Floyd v. City of New York
NYC Stop & Frisk Litigation
Floyd v. City of New York is a landmark federal class action lawsuit brought by BLH attorneys to challenge “stop-and-frisk” policing in New York City. For the past two decades, the NYPD has disproportionately stopped and searched Black and Latino residents—who are subject to 85% of all stops-and-frisks—absent reasonable suspicion. In response, BLH partner Jonathan Moore and others filed the 1999 class action lawsuit Daniels v. City of New York, which argued that the NYPD’s practice of conducting stops-and-frisks violated minority New Yorkers’ Fourth and Fourteenth Amendment rights. A settlement was reached in that case in 2003, which mandated that the NYPD implement policies expressly barring racial profiling and provide data regarding the nature of each stop-and-frisk encounter. When the data revealed little improvement, Mr. Moore led a team of civil rights attorneys from BLH, the Center for Constitutional Rights, and Covington & Burling in filing Floyd.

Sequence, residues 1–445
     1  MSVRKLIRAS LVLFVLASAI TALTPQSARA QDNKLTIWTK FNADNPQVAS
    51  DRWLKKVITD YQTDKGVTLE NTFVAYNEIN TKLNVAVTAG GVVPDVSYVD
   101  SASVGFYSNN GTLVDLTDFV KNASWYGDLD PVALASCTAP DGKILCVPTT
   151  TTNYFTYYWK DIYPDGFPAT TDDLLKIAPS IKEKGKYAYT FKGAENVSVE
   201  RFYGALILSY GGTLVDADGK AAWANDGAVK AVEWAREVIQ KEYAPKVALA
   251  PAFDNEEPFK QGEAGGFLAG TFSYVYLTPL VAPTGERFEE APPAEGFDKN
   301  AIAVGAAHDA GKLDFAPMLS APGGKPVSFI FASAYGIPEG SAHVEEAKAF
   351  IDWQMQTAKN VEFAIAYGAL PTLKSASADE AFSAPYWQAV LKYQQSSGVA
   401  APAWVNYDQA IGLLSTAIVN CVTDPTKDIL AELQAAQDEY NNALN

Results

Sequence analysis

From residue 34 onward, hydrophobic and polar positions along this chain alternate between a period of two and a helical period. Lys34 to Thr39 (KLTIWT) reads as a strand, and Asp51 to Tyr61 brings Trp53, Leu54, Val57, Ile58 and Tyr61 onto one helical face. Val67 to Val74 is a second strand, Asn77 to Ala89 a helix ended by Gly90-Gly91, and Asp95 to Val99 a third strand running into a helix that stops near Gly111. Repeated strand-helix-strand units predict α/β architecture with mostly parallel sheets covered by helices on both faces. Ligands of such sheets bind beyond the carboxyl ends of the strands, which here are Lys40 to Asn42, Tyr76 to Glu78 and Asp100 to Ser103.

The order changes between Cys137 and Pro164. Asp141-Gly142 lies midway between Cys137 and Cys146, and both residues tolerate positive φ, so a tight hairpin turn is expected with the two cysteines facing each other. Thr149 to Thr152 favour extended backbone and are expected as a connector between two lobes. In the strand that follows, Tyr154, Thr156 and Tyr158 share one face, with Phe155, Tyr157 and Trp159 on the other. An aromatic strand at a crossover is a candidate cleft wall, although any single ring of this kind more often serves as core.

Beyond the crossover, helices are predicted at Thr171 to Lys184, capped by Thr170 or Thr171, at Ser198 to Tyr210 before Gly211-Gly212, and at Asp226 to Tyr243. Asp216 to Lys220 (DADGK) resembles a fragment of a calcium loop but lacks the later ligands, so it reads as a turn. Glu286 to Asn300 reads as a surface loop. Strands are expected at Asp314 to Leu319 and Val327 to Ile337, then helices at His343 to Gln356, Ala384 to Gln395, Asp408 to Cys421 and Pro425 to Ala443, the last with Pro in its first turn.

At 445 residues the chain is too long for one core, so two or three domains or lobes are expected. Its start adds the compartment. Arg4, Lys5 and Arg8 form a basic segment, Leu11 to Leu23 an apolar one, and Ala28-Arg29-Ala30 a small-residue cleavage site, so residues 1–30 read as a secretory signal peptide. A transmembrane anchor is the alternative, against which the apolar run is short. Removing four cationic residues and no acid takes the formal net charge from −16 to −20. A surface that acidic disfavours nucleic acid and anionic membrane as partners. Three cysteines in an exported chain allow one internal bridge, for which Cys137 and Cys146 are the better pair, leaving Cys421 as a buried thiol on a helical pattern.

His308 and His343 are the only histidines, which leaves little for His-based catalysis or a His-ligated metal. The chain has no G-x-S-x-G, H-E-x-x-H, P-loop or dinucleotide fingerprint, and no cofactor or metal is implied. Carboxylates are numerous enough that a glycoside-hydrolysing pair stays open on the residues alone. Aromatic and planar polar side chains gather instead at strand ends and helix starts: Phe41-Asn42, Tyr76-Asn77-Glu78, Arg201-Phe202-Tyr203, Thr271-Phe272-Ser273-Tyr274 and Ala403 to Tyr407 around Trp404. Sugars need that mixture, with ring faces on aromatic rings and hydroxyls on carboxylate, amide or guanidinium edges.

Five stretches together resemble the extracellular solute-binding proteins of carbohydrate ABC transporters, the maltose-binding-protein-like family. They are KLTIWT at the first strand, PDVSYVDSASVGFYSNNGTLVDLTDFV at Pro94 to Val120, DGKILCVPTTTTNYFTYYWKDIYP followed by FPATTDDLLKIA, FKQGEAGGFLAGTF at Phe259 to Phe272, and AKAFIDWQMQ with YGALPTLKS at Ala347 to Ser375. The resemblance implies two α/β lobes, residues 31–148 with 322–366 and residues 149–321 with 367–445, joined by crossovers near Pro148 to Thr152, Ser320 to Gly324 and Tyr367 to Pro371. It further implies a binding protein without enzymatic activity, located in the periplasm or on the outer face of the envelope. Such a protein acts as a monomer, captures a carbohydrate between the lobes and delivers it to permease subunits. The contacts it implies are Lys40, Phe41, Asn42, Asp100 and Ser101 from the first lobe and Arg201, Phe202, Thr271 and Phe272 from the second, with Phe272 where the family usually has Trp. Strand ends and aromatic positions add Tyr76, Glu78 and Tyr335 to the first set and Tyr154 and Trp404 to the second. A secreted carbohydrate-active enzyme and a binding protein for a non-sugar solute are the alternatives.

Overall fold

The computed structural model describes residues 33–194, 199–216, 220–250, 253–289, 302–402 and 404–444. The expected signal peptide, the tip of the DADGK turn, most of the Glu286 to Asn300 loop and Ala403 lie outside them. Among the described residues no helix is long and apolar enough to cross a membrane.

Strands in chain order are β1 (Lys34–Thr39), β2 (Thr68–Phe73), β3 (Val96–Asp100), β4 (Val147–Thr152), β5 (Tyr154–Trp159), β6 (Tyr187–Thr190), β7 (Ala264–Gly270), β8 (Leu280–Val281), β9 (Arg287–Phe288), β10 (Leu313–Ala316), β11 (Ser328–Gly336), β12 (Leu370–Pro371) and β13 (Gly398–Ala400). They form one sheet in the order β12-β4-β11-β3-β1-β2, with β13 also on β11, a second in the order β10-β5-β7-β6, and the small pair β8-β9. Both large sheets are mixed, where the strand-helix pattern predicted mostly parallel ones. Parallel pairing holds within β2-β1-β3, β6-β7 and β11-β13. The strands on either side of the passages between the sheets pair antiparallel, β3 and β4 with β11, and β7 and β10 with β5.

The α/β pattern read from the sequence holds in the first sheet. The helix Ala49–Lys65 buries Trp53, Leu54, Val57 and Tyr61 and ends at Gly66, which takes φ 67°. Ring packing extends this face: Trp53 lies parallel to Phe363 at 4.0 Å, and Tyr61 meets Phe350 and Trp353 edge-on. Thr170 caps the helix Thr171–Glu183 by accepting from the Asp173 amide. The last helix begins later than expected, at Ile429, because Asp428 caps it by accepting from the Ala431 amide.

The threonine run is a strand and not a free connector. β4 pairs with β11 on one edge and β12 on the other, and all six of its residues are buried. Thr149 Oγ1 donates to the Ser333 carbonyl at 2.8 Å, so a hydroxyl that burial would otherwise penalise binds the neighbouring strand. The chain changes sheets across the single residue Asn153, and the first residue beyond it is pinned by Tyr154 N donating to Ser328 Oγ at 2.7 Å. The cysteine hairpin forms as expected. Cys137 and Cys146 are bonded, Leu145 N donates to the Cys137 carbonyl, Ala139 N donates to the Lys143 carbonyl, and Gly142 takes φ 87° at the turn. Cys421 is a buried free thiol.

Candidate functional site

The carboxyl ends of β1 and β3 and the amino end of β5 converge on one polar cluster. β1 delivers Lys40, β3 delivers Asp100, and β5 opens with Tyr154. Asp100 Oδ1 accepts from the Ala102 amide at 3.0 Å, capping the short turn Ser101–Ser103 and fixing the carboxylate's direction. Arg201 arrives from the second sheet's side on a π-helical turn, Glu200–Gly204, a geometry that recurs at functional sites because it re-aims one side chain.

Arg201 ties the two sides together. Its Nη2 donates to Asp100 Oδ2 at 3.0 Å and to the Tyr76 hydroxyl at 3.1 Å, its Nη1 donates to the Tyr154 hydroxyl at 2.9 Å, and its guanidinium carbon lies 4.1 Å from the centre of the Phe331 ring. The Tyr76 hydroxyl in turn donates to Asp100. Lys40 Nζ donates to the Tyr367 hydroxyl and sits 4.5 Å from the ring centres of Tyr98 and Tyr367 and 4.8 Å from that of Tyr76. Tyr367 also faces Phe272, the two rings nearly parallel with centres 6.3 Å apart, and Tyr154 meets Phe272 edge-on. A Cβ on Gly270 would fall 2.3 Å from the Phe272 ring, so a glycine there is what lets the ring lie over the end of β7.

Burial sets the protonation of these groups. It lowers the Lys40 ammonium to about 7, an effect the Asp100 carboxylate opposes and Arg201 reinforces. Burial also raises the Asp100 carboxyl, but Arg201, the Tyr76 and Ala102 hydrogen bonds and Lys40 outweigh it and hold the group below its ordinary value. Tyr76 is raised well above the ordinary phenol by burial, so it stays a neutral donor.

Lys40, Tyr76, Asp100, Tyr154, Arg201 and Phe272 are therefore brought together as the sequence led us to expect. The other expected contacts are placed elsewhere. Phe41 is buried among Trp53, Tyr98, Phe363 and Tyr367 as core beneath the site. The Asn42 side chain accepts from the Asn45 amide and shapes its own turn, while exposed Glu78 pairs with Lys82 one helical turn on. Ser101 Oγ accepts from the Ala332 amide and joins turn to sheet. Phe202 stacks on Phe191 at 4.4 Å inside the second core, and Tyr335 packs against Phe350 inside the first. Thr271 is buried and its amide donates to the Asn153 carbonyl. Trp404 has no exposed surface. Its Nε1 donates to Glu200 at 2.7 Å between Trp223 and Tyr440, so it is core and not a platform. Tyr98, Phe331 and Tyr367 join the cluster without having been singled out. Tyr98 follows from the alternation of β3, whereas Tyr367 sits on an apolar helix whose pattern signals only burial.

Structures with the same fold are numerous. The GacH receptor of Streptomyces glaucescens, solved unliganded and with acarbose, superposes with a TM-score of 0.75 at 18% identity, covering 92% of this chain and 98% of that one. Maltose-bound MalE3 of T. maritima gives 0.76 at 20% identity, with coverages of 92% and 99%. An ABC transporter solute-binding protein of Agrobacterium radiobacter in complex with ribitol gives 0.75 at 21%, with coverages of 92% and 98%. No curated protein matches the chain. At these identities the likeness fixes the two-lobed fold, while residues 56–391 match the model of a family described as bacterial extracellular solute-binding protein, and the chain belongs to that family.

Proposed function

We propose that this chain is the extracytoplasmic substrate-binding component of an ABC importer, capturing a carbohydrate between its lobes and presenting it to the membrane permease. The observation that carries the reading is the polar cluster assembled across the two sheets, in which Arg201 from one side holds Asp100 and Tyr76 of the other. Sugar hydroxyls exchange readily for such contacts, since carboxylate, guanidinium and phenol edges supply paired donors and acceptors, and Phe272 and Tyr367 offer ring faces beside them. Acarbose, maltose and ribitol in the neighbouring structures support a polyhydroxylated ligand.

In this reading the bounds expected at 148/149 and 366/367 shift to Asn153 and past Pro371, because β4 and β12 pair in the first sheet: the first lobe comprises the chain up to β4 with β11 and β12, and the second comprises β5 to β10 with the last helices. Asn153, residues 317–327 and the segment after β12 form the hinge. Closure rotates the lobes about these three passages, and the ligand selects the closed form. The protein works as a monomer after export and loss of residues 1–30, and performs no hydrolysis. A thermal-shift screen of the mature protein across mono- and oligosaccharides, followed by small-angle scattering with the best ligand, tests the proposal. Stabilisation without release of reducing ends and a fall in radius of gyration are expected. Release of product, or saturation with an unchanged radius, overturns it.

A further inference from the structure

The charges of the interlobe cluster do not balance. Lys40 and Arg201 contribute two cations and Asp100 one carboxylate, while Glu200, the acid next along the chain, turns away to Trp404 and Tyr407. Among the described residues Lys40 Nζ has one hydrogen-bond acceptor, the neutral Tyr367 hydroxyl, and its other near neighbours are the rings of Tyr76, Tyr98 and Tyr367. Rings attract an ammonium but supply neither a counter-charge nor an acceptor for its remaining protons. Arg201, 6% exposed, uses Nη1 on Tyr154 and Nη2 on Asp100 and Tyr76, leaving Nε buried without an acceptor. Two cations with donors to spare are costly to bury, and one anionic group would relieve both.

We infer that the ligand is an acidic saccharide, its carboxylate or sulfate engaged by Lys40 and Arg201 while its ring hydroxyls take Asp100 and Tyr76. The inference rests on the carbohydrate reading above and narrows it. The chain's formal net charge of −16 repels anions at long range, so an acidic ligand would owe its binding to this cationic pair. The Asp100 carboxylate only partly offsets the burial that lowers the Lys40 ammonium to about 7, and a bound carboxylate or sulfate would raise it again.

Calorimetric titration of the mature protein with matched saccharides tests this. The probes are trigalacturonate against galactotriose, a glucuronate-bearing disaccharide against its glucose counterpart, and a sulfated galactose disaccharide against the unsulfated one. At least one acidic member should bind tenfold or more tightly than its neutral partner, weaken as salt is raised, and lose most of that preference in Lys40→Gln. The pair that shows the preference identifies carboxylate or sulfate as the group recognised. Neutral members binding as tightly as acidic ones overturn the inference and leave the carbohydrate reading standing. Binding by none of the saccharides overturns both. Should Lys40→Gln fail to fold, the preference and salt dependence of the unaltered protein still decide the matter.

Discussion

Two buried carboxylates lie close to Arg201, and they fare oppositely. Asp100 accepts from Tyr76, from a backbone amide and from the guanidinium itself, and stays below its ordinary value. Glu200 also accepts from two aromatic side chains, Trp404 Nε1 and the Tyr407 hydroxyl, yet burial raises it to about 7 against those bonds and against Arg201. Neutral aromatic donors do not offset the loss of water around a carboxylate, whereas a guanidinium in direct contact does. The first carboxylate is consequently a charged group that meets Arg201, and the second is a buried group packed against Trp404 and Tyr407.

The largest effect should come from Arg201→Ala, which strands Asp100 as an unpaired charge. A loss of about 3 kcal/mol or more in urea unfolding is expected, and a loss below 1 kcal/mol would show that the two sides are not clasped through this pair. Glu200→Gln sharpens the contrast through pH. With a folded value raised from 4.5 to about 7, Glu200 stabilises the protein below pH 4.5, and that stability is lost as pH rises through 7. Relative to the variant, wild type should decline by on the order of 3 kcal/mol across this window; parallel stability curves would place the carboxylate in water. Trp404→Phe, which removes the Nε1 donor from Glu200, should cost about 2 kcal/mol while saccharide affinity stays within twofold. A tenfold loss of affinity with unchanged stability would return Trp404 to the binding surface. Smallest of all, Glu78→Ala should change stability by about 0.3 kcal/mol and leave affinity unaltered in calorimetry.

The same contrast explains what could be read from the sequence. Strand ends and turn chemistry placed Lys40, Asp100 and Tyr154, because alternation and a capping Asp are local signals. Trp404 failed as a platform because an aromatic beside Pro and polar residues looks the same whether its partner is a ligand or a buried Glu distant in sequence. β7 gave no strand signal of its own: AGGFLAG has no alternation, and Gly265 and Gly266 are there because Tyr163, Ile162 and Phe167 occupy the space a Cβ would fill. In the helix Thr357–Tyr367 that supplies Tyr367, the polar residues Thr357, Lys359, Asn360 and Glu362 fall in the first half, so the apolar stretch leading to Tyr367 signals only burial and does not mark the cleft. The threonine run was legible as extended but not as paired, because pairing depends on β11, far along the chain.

After a nine-week trial in 2013, a federal judge held the City liable for violating the Fourth and Fourteenth Amendment rights of countless citizens. The case is now in a remedial phase, as ordered by the District Court, overseen by a monitor. Mr. Moore and BLH associate Joshua Moskovitz are working closely with the court-appointed monitor to develop improved, non-discriminatory policies and training protocols for investigative encounters. They are the first policies that explain in detail the legal bounds in which police must operate in these situations. Furthermore, they incorporate a greater degree of supervision and a blanket prohibition on racial profiling.
The parties and members of the affected communities are also preparing for additional reforms through the Joint Remedial Process. This process involves focus groups comprised of those affected by stop-and-frisk, an advisory body of stakeholders to work with the court-appointed facilitator in identifying further needed reforms, and community forums and discussions. In the meantime, BLH attorneys continue to fight for more robust NYPD training and data collection with respect to stops and racial bias, as well as more robust supervision and appropriate consequences for unconstitutional stops.
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